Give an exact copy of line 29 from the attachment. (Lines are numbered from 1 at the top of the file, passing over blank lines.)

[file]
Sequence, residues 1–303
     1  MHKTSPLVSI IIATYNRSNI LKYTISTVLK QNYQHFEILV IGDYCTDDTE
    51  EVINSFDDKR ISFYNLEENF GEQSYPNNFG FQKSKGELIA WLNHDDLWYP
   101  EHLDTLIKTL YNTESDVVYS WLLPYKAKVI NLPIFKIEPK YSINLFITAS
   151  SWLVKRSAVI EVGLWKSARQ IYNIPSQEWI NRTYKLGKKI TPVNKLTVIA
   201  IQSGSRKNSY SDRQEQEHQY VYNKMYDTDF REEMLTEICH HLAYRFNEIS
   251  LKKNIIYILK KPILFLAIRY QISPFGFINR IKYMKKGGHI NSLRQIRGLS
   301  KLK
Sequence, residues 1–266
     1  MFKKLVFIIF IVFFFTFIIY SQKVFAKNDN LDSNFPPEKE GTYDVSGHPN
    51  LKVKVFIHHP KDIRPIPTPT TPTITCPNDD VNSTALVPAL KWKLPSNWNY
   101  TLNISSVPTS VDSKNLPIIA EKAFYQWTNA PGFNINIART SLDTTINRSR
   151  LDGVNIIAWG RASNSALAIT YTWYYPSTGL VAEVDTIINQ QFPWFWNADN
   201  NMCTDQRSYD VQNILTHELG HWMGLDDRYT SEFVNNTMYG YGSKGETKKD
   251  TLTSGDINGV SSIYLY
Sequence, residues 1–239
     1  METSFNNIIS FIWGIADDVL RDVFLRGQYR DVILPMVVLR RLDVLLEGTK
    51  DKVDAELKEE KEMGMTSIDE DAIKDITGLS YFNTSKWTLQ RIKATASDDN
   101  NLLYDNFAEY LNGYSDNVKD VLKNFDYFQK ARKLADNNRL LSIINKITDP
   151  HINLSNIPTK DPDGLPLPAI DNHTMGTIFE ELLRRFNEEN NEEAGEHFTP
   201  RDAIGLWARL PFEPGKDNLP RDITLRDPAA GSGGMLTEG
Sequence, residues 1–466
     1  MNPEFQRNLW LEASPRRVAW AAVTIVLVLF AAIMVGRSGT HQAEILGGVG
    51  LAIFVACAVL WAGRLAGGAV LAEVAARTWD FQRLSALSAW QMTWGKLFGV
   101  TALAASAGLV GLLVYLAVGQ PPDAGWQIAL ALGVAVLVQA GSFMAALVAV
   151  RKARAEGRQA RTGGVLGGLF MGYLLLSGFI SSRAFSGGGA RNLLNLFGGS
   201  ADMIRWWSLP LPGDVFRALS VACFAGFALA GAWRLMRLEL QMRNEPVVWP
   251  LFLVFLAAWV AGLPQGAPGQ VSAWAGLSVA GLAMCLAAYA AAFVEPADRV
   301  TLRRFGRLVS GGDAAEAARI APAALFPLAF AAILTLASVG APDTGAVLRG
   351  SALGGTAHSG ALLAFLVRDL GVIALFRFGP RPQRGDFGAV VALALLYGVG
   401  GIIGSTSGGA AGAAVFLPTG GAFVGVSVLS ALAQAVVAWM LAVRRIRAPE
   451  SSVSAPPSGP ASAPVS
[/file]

   301  TLRRFGRLVS GGDAAEAARI APAALFPLAF AAILTLASVG APDTGAVLRG